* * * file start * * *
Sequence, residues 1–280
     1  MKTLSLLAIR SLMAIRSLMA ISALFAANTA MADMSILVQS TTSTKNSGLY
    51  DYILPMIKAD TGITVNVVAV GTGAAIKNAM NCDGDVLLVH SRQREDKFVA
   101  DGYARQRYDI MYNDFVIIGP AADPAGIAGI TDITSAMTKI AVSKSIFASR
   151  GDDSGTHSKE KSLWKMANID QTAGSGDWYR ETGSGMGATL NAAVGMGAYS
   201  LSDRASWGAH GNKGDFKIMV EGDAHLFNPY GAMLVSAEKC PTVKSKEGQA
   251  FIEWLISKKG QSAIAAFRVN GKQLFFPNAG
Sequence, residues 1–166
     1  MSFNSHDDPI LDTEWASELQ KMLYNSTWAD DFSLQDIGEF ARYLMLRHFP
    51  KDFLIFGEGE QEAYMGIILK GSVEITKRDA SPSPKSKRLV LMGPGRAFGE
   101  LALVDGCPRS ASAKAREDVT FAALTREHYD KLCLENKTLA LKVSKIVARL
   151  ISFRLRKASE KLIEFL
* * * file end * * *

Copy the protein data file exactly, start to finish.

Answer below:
Sequence, residues 1–280
     1  MKTLSLLAIR SLMAIRSLMA ISALFAANTA MADMSILVQS TTSTKNSGLY
    51  DYILPMIKAD TGITVNVVAV GTGAAIKNAM NCDGDVLLVH SRQREDKFVA
   101  DGYARQRYDI MYNDFVIIGP AADPAGIAGI TDITSAMTKI AVSKSIFASR
   151  GDDSGTHSKE KSLWKMANID QTAGSGDWYR ETGSGMGATL NAAVGMGAYS
   201  LSDRASWGAH GNKGDFKIMV EGDAHLFNPY GAMLVSAEKC PTVKSKEGQA
   251  FIEWLISKKG QSAIAAFRVN GKQLFFPNAG
Sequence, residues 1–166
     1  MSFNSHDDPI LDTEWASELQ KMLYNSTWAD DFSLQDIGEF ARYLMLRHFP
    51  KDFLIFGEGE QEAYMGIILK GSVEITKRDA SPSPKSKRLV LMGPGRAFGE
   101  LALVDGCPRS ASAKAREDVT FAALTREHYD KLCLENKTLA LKVSKIVARL
   151  ISFRLRKASE KLIEFL